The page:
The question raised here is whether the use of city resources by members of the city administration to notify the public of potential budget cuts and to request their participation in the debate over the FY 2003 budget violates the city's fair and equal treatment policy.
As a general rule, city resources may not be used for a project which is not related to the legitimate functions of city government. To do so would provide special treatment to the beneficiary of the city's resources. The fair and equal treatment policy stated in Section 11-104, Revised Charter of Honolulu (RCH) provides:
Elected or appointed officers or employees shall not use their official positions to secure or grant special consideration, treatment, advantage, privilege or exemption to themselves or any person beyond what is available to every other person.
RCH Section 11-104 is the cornerstone to prohibiting political activities on city time, the use of city equipment for private business projects, the use of a government position to leverage outside employment and many other attempts to use city resources for non-city business. See, Advisory Opinion No. 2001-1.
A key element to the existence of a violation of RCH Section 11-104 is that the city resource must be misappropriated for a non-city use, that is, a use not within the scope of the duties expressly or implicitly associated with the position of the city officer or employee whose conduct is in question. Generally, the use of city resources for a project not within the officer's or employee's duties would be a violation of RCH Section 11-104.
Therefore, we must review whether the letter-writing campaign carried out by the executive branch to support its proposed FY 2003 budget is within the ambit of duties of the administration. Executive power is vested in and exercised by the mayor as the chief executive officer of the city. RCH Sections 4-101 and 5-103. The mayor is required to submit an operating and capital program and budget to the Council for its consideration and action. RCH Sections 5-103(g) and 9-102 and 9-103. The mayor is responsible for explaining and justifying to the Council the financial program and operating and capital budgets. Id. It is the Council's responsibility to pass a budget bill, which may or may not contain the appropriations requested by the mayor. See, RCH Section 9-104. Assuming there is no veto, the budget passed by the Council must then be implemented and enforced by the mayor and the administration, RCH Section 9-106.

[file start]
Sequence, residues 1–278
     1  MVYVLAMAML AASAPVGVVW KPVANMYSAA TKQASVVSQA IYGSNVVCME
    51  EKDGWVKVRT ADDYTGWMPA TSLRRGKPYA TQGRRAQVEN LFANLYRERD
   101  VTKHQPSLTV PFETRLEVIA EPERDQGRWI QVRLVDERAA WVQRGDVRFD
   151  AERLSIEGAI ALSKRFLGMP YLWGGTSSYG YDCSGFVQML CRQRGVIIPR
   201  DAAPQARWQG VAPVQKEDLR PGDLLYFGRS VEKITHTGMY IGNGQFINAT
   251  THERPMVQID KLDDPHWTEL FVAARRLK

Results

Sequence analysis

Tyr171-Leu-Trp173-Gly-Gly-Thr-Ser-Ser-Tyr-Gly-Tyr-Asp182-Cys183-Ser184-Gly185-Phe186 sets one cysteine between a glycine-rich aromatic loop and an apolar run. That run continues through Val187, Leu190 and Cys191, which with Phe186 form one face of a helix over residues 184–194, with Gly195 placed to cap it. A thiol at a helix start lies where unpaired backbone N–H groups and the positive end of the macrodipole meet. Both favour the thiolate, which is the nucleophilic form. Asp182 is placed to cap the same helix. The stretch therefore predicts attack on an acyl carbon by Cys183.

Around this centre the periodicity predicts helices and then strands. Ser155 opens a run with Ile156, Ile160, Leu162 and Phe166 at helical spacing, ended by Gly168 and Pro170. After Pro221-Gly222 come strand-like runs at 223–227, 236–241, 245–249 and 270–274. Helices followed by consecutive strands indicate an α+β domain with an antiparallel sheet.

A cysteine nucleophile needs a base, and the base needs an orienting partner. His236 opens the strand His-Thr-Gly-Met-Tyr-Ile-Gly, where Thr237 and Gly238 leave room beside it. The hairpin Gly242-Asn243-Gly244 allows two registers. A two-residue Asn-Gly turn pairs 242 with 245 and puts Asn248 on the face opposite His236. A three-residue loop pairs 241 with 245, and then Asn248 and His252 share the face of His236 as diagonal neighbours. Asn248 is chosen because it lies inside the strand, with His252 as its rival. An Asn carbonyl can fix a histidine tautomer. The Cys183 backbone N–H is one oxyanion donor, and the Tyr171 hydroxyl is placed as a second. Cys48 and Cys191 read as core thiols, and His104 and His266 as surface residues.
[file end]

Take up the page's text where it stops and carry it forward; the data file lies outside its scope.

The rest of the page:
It is evident that the mayor, through the department heads and other city officers and employees, is responsible for submitting the operating and capital budgets to the Council, for justifying the submitted budgets and for carrying out the budget passed by the Council. The mayor also has the power to submit periodic reports informing the public as to city policies, programs and operations. RCH Section 5-103(j). Because the city budget is essential to the function of the city government, it is inherent that the executive branch may comment or oppose the budgetary modifications offered by the legislative branch of government. This is especially true when available revenues may be strained to meet the competing demands for government services.
The administration's letter-writing campaign is reasonably viewed as a means by which the executive branch, through public comment, may influence how the Council amends the budget bill submitted by the administration. Given the administration's stake in the outcome of budget deliberations and its right to comment on the policies and actions of the legislative branch, the Commission finds that it is within the scope of the discretionary duties and responsibilities of the administration to inform the public of the administration's position on budget matters and to encourage the public to state their concerns to the Council. Similarly, if the Council has concerns about the preparation of the administration's budget or the execution or enforcement of the final budget law, the Council's may invite members of the public to shed light on these issues.